@Fred yes, having the front panel on helped a little, which is why I think it might just be a air thing. Drafts blowing it around, as nothing has changed besides a windy day.

    Will try closing the window abit when I get home today, not sure if that will help. Currently window is about 3 inches open in the boiler room.

    Also saw something online about calculating the input gas from the gas meter and coverting to btu to see if it is around what the plate on the boiler says. Anyone know how it is done.
  • Fred
    Fred Member Posts: 8,518
    @Ying , I'm sure that open window, on a windy day has a big affect on how the burner flames behave, especially if that window is directly across from the burner and is the type of window that is hinged across the top and opens from the bottom, directing air towards the floor.
  • Ying
    Ying Member Posts: 58
    Had a contractor from the find a contractor part of the site came over.

    CO levels were fine and Oxygen was too high.

    But gas pressure he said was 8, about twice the level where it should be. It was dropped, but he said that somehow the gas valve was not working correctly, which might be why there is a lot of oxygen. It is getting replaced tomorrow.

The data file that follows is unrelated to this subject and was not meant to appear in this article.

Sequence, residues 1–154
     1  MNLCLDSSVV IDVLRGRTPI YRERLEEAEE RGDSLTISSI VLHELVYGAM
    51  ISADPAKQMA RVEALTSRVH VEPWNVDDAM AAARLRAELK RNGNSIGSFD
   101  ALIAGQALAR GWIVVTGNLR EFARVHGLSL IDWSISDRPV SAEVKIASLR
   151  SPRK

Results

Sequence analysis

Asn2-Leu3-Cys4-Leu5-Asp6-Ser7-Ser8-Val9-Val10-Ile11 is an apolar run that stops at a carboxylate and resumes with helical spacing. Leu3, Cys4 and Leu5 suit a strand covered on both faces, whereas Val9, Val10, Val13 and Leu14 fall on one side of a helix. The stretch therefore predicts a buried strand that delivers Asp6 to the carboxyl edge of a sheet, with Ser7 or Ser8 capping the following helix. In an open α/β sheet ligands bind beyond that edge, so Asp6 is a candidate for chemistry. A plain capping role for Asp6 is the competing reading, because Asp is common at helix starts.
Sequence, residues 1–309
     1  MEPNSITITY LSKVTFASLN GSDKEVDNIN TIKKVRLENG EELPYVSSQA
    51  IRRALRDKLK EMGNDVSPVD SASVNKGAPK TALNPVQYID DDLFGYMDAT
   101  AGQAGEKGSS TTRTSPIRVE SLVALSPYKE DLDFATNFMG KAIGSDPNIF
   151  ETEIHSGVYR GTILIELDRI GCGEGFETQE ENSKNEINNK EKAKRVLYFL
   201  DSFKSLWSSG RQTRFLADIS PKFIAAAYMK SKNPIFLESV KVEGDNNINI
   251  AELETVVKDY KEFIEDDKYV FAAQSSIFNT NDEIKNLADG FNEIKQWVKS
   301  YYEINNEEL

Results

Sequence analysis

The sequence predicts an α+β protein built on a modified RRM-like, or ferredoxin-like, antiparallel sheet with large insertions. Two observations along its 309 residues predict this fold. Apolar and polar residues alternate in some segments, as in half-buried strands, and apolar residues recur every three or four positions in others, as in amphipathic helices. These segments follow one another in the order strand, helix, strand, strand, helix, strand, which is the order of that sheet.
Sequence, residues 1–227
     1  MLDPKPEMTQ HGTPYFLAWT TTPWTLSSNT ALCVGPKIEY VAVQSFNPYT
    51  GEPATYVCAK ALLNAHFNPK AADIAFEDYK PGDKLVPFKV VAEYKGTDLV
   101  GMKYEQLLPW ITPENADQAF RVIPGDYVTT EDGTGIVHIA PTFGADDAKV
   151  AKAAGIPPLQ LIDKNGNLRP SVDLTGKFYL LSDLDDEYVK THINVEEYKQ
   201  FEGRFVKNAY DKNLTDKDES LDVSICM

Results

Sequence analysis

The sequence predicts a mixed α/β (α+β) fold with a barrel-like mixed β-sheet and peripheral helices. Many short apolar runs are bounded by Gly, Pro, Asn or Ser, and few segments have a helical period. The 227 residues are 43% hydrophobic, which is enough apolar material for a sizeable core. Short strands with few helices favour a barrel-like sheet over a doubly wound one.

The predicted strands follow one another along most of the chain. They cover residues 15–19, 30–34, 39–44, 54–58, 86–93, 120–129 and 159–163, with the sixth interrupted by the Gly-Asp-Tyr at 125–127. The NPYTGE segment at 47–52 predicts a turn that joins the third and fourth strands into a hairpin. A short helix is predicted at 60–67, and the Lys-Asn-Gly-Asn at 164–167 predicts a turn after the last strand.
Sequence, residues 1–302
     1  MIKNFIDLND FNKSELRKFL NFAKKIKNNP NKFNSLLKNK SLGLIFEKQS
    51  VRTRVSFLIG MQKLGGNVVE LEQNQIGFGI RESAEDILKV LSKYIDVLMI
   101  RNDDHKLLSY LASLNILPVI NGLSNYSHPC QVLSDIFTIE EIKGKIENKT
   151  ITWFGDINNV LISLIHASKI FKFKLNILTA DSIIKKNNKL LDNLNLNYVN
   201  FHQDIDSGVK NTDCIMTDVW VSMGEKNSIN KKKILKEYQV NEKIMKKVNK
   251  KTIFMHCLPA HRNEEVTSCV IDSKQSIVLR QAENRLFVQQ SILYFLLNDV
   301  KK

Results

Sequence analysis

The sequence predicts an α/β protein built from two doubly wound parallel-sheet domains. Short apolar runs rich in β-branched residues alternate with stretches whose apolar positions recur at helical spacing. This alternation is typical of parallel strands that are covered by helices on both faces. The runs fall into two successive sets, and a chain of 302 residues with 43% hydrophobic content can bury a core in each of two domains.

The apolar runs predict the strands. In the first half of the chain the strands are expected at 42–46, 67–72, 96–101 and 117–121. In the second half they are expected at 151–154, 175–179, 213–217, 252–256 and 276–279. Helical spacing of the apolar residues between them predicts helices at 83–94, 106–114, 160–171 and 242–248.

Flames are much lower now. And now it takes about 9 minutes after the inital start up for the pressure to build to 2.5 psi before pressuretrol shuts off the boiler and still 2.5 minutes for psi to drop to about .5 for boiler to start. This compare to 3 minutes to build up to 2.5 psi and 2.5 minutes to drop to .5 psi.
    Which cycle is better? for getting heat and saving on fuel.

    Low gas pressure, 2 times less, means that Im using less gas per minute right? But it takes 3 tine as long before the boiler shuts down now. Overall will I be spending more money on gas this way?
  • Fred
    Fred Member Posts: 8,518
    Both times are too short for pressure to build to 2.5PSI. How much over sized is the boiler? Do you have good main vents on each Main?